Independence + Accountability: Why the Fed Is a Well-Designed Central Bank

Article excerpt

In 1913, Congress purposefully created the Federal Reserve as an independent central bank, which created a fundamental tension: how to ensure the Fed remains accountable to the electorate without losing its independence. Over the years, there have been changes in the Fed's structure to improve its independence, credibility, accountability, and transparency. These changes have led to a better institutional design that makes U.S. policy credible and based on sound economic reasoning, as opposed to politics. In times of financial and economic crisis, there is an understandable tendency to reexamine the structure of the Federal Reserve System. A central bank's independence, however, is the key tool to ensure a government will not misuse monetary policy for short-term political reasons. (JEL E52, E58)

Federal Reserve Bank of St. Louis Review, September/October 2011, 93(5), pp. 293-301.


The Federal Reserve has taken unprecedented actions in the financial markets since the advent of the financial crisis. Noteworthy examples include lending more than $1.5 trillion to financial institutions and buying $1.25 trillion of mortgage-backed securities to stabilize the economy. The large scale of these interventions has brought intense public scrutiny of the Federal Reserve's powers and institutional structure. In particular, many have questioned why the Fed has the freedom to engage in such actions without the explicit consent from Congress or the president. This freedom from political interference is commonly referred to as "central bank independence."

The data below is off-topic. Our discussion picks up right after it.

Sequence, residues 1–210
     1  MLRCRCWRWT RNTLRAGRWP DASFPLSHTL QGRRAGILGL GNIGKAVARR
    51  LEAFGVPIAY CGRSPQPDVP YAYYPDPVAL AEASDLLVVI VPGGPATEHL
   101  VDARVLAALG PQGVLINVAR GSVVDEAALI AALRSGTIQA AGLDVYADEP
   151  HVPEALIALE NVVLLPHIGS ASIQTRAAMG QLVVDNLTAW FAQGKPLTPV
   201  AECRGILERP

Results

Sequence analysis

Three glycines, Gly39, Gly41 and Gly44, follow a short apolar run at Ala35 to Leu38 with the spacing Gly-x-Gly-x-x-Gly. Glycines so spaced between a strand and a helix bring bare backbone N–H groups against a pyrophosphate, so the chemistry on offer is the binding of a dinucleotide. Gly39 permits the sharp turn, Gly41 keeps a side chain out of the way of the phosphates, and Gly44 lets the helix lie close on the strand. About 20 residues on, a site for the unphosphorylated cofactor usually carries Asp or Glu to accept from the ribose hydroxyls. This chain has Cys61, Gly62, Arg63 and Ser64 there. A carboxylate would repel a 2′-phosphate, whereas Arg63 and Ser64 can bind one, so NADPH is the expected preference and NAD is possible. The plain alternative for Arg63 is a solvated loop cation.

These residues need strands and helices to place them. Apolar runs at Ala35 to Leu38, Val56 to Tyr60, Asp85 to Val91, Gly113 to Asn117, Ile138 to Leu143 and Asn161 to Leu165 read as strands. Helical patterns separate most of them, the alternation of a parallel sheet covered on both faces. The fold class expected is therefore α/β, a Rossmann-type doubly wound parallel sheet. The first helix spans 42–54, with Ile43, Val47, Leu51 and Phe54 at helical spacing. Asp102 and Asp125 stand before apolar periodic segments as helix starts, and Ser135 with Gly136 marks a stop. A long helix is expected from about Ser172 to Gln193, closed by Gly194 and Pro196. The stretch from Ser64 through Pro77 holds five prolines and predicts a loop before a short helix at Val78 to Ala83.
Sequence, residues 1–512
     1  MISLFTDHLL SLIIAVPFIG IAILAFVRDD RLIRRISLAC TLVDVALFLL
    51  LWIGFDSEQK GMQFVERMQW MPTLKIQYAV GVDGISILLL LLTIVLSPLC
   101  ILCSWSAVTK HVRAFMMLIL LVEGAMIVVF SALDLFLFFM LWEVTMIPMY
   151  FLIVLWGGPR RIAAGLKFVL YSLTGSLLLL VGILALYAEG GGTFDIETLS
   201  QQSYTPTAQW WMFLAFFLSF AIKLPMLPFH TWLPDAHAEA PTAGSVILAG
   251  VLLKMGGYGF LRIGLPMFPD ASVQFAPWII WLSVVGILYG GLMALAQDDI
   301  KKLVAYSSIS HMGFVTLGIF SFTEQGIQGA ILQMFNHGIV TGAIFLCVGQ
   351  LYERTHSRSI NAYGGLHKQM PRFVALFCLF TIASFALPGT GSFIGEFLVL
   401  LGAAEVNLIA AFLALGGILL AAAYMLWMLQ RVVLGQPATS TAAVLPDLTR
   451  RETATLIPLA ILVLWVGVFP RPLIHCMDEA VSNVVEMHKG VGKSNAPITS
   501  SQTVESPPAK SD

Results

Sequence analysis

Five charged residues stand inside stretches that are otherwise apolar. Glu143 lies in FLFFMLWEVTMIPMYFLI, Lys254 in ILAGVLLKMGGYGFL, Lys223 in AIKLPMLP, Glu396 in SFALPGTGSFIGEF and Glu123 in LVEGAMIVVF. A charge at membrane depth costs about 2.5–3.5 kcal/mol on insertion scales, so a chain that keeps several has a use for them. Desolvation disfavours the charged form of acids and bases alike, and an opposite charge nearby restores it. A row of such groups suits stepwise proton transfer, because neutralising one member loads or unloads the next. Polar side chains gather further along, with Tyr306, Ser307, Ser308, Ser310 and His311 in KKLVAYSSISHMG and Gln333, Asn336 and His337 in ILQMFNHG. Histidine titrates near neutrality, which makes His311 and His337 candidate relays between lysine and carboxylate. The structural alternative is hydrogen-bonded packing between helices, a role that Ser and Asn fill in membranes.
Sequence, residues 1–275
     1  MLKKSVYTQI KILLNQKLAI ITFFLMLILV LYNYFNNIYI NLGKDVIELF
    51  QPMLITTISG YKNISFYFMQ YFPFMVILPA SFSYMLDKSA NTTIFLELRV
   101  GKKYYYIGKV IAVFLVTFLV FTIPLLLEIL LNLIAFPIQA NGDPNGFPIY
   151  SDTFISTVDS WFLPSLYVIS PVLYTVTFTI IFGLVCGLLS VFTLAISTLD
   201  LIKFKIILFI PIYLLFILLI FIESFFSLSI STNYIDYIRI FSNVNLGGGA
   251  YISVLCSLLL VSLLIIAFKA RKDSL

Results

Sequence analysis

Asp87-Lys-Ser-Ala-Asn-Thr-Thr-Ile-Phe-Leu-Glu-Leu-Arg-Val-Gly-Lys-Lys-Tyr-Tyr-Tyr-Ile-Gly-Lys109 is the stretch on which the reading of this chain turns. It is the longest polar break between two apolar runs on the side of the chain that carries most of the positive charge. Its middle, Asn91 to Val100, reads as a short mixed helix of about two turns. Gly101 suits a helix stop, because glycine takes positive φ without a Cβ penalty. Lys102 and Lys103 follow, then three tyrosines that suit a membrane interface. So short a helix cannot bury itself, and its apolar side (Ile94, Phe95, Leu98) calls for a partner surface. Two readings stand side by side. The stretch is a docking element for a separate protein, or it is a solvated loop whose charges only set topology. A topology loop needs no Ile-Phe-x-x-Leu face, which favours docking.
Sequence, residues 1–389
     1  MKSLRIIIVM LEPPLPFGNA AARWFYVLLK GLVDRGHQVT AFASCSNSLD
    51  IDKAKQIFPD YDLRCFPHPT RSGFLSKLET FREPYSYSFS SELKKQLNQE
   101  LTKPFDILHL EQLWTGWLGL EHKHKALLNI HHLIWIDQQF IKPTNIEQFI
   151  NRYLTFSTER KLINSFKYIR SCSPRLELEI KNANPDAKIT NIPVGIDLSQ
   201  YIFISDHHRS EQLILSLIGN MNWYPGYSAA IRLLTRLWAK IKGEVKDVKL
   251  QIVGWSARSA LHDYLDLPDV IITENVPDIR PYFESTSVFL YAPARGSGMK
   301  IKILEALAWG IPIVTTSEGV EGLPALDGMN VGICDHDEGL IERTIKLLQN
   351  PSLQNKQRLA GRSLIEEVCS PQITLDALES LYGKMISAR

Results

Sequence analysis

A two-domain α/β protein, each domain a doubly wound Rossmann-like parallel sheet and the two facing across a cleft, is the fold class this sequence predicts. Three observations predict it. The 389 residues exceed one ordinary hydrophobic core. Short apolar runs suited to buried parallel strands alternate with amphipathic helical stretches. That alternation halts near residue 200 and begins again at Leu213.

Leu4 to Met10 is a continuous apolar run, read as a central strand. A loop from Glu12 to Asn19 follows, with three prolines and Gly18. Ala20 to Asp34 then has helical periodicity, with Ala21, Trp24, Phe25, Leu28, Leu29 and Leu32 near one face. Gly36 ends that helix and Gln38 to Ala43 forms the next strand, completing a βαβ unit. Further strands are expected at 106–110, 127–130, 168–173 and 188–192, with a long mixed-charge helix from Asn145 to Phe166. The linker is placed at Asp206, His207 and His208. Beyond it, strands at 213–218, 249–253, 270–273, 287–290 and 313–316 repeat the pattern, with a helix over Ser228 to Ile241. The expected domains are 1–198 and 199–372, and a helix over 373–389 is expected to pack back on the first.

The focus of this article is to review why Congress made the Federal Reserve independent when it created it in 1913. The article also addresses the fundamental tension that comes with an independent central bank: how to ensure that these policymakers are accountable to the electorate without losing their independence. The key point to remember is that giving the central bank independence is the best method for governments to tie their own hands and prevent them from misusing monetary policy for short-term political reasons.


Money is obviously a vital part of an economy because it allows trade to occur more efficiently. Governments have a great power that no one else in the economy has--the ability to print money. Thus, the government can acquire more goods by printing more money, a process known as seigniorage. This power, however, brings with it a dangerous temptation. Imagine that you had this power; just think of what you could do with it! You could live a great life, feed the hungry, and house the homeless. And all of this could be achieved simply by printing more money. This sounds wonderful. How can it be dangerous?

If the government prints too much money, people who sell things for money raise their prices. (These prices can apply to goods, services, and labor.) This lowers the purchasing power and value of the money being printed. In fact, if the government prints too much money, the money becomes worthless. We have seen many governments give in to this temptation, and the result is a hyperinflation. Hyperinflations were observed in the 20th century in Germany (twice), Hungary, Ecuador, Bolivia, and Peru, with Zimbabwe as the most recent casualty. Such episodes of high inflation can greatly impair the functioning of the economy or collapse it altogether. Thus, having the power to print money brings with it great responsibility to respect that power.

It is important to remember that the temptation to print money is not restricted to less-developed countries. In fact, the United States has suffered from high inflation several times. In pre-revolutionary days, many colonies had the right to print money and fell prey to their own excesses. The Continental Congress did the same during the Revolutionary War. In 1775, it gave the colonies the authority to issue Continental dollars to finance the war. …